Stops 1 and 2: Toorbul, Queensland and Eungai Creek, mid north coast NSW
For those of you who know me very well, you know that I’m just plain and simple a nomad. Always have been since I was 17 and before that, through my parents, and I suspect I always will be. I used to think there was something wrong with me (well there probably is but not what I initially thought) as I couldn’t settle for more than a few years in one place. As far back as I can remember I had this thirst to go into unexplored territory whether at home in Aus or away from our shores.
It wasn’t until the last 10 odd years that I realised that change is a huge part of me. I absolutely embrace it and even think it’s part of my DNA! I loathe most types of routine. Except maybe for my glass of bubbles or two in the evenings. And chocolate, dark of course with sea salt and caramel, after dinner. But apart from that I mean. I thrive on change, new places, peoples, food and experiences. It so totally feeds and nourishes me. And I’m grateful that I’ve finally in my later years accepted and love that part of myself. It pushes me out on a limb and onwards and upwards and backwards and tests me, tires me but I’m rarely standing still.
In these last months many a friend has told me I’m brave for doing what I’m doing and I suspect they’re thinking especially at my age (I don’t think 41 is that old, is it??). Either way, I’ve been doing this all my life so to me it’s not at all brave. But that’s the same for anyone we admire who are doing something we ourselves fear. So if I manage to inspire one person to go out and do what they dream of and kicking any fears aside, then I’ve been rewarded tenfold.
So now, another adventure to add to my collection. And there have been a few in the past 7 years since coming back from southern Spain and living in Noosa. There were the unforgettable 9 months volunteering in Viet Nam and Cambodia with a trip to South America and Denmark in the middle during 2014. Then the start of 2017 taking a ceramic residency in Tuscany, visiting my beloved Spain, then on to Denmark via Germany visiting special friends all along the way. And later the same year a wonderful trip down memory lane back in WA (where I hadn’t been for 20 years) seeing old long lost friends, and then over to Bali to visit more friends. And finally a bit of an unplanned trip back to Malaga Spain to sort out a flat I acquired.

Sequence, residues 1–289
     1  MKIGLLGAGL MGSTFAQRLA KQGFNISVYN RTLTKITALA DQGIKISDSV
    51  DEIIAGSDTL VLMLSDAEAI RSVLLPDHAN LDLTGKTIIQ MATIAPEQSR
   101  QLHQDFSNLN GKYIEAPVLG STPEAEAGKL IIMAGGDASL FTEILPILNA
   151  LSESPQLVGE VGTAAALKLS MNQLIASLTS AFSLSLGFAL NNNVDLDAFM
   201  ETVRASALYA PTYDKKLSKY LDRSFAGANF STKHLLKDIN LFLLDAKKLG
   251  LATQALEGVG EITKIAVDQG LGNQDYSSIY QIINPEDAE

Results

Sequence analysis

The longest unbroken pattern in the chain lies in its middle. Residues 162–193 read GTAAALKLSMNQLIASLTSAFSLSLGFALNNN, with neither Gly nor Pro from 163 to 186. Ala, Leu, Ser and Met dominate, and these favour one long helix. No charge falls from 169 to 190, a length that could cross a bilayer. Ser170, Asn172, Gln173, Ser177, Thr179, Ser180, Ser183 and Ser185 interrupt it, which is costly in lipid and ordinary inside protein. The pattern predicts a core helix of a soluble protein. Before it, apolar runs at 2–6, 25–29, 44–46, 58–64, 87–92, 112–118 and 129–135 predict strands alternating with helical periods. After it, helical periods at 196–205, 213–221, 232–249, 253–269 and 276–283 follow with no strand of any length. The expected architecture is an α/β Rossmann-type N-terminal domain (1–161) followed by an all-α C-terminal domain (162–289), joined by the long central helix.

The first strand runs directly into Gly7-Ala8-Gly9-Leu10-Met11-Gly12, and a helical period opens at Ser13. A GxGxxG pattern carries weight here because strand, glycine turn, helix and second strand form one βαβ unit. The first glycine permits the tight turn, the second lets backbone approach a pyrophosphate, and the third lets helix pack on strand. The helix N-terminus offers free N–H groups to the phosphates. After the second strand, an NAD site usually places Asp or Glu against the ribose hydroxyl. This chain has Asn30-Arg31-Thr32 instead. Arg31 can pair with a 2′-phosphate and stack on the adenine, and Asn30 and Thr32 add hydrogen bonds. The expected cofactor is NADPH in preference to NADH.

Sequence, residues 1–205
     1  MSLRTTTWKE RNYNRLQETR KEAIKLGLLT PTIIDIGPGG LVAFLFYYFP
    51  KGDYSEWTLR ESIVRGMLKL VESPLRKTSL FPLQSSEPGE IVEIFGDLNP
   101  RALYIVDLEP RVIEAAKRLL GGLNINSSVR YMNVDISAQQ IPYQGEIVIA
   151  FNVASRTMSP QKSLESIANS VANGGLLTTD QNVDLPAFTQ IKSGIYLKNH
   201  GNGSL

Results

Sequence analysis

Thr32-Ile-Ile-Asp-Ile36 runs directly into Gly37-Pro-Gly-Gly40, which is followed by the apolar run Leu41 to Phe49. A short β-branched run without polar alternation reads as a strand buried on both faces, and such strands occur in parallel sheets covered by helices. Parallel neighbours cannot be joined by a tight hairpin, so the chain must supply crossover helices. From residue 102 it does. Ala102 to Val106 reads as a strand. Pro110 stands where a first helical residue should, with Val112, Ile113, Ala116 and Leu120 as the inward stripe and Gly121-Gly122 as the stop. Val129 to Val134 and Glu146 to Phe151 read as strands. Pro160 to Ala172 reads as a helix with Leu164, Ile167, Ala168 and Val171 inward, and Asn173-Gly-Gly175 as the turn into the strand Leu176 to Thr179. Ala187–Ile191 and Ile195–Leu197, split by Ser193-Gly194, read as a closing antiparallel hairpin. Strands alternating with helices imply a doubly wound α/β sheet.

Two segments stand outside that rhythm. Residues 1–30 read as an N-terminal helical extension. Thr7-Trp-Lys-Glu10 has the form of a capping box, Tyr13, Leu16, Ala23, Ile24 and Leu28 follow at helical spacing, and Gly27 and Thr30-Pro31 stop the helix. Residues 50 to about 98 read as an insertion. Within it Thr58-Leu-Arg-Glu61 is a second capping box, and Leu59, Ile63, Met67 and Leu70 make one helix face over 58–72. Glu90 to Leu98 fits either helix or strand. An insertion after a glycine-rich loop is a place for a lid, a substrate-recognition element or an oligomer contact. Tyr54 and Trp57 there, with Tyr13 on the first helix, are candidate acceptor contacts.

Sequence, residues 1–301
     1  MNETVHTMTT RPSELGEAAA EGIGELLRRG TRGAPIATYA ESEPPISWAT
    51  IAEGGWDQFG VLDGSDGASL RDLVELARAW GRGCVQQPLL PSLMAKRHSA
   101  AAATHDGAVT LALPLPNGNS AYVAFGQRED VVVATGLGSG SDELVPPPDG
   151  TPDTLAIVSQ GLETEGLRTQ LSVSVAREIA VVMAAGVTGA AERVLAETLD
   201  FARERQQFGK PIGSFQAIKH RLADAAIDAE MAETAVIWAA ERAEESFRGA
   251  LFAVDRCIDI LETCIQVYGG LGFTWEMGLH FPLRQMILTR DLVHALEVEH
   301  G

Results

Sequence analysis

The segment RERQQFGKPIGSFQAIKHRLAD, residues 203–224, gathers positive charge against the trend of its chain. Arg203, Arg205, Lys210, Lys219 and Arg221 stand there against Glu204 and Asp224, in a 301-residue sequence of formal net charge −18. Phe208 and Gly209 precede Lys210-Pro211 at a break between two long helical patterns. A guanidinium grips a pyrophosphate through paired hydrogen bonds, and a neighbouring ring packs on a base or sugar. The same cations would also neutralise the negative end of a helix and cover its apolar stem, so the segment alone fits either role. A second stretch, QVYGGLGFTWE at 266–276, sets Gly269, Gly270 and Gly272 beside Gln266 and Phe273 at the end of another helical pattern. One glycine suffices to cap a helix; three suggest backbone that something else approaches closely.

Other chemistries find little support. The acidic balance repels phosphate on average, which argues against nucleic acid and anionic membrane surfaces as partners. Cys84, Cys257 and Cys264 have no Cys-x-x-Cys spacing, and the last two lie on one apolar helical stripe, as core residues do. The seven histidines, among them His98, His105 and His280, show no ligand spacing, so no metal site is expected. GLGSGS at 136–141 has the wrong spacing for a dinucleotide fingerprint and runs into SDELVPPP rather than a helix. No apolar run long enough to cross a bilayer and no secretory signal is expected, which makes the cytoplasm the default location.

I spent all of this year home Airbnb hosting again, did well with it and toboot met many wonderful people some who have become good friends. But my wings did not enjoy being clipped and my nature is not one of having no freedom to take flight at a whim. Hence the decision to sell my home, which was absolutely the right one, sell off half my furniture (the trusty steed has just gone on Gum Tree) and put the rest into storage and bless myself with no ties. When we finally settled and I left Noosa in my rear-view mirror I felt an insane sense of freedom, relief and excitement of what lies in store on this new journey.
I set off the day before we settled in the direction of Toorbul and my dear friends Bron and Johnny. Always great company, fabulous food thanks mostly to chef Johnny, great conversation and laughs. I’ve known Bron for 30 odd years so it was a blessing to find when I decided to make Noosa my home that she was just down the road.
After Toorbul, I pointed my steed south again and kept going until I got to my sister and BIL’s (BrotherInLaw) at Eungai Creek. My BIL has had a two brain tumour ops in as many months which has left him legally blind – we hope only for now. Life has changed enormously for them both and whilst unimaginably challenging, they are both coping mostly and getting some great support from their community. We seriously don’t know what at any given moment life is going to throw our way, which is why I’m doing what I’m doing – and what I want.